With the November 6 election deadline fast approaching (thank goodness), it seemed appropriate to write about something that has oft been mentioned in the debates — healthcare. Or Obamacare if you prefer.
It turns out that the Lockton Employer Benefits Survey, which just came out on October 26, shows healthcare costs for businesses and employees in Colorado is, wait for it, going down.
By the numbers: Employer-provided health insurance costs will rise 7.4 percent in Colorado in 2013, down from a 9.4 percent jump in 2012 and 14.4 percent in 2011. Consider that Colorado had 11 years of double-digit increases prior to this, and perhaps there is a glimmer of light at the end of the tunnel.
Now, 7.4 percent is still quite a bit higher than general inflation, but it’s better than it was and has allowed Colorado to fall more in line with the national average, according to the survey. Even so, some of the reasons for its decline can be construed as troubling.
Analysts have said that employees are foregoing elective surgeries as the recession lingers, in effect keeping overall health spending down. And many employers are gravitating toward self-funded health plans, which tend to cost less than traditional insurers but have higher deductibles and more risk attached.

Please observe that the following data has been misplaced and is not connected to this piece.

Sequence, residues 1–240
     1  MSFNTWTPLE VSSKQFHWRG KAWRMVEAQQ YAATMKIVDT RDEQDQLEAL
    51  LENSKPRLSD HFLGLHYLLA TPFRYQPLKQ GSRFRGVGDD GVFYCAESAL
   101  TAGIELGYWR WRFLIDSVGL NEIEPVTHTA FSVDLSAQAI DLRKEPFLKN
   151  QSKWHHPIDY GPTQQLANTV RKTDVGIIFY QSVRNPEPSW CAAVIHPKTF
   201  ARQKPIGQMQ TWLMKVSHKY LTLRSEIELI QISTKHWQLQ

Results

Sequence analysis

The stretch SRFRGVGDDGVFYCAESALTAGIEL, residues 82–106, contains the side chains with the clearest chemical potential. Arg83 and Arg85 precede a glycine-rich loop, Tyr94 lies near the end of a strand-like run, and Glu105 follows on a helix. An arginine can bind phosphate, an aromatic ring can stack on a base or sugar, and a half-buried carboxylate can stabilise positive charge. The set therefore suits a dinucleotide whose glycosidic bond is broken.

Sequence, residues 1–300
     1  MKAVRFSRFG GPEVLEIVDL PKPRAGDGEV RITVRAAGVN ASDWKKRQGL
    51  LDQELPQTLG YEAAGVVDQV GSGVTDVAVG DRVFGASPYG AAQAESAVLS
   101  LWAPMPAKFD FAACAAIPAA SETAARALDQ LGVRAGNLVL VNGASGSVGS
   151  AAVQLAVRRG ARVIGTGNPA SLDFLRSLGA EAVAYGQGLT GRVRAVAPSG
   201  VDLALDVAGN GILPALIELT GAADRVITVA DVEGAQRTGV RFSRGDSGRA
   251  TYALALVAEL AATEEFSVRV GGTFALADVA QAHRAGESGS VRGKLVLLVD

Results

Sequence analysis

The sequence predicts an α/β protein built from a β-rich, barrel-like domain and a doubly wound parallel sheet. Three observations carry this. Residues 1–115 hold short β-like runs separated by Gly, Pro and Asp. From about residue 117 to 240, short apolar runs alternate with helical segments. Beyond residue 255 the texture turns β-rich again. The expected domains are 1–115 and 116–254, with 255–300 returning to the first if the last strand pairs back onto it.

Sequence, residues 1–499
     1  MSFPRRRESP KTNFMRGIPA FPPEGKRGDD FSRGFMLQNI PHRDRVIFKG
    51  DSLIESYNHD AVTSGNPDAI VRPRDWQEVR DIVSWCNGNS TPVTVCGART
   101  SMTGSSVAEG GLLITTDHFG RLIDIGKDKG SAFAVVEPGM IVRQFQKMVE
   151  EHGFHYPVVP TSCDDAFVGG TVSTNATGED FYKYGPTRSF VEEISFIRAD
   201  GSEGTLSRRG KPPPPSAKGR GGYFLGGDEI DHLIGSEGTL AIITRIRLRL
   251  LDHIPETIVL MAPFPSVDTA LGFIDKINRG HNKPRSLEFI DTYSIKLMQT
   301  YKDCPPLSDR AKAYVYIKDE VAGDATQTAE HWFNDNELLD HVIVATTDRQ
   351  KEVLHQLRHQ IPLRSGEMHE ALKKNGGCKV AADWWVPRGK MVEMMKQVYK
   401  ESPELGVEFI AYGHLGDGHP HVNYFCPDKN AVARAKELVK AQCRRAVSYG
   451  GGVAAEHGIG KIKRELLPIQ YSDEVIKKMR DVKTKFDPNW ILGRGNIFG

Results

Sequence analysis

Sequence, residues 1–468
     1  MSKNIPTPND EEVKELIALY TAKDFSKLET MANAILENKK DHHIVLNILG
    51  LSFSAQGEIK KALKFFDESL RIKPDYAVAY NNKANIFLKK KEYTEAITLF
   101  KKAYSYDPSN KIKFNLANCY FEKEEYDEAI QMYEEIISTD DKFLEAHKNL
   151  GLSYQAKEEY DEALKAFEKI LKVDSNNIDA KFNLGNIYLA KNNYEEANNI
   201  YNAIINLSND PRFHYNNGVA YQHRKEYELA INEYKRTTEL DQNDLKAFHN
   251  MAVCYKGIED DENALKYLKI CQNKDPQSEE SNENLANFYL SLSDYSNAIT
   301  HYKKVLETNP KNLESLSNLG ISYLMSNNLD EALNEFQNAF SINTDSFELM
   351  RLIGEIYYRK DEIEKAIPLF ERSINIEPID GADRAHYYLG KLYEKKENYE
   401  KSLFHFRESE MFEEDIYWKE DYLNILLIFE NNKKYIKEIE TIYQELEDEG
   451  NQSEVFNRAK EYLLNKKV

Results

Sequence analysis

As with everything, there are supporters of this report, as well as those who are more cautionary. The Colorado Consumer Health Initiative hailed the report as encouraging news, saying that it reflects health reform efforts starting to work. Then there is Lockton Denver president Bill Lindsay, overseer of the survey, who warns that a portion of the decline might be due to political “convenience.”
Time will tell how everything plays out, of course, but this seems like it could be a promising sign for healthcare moving forward.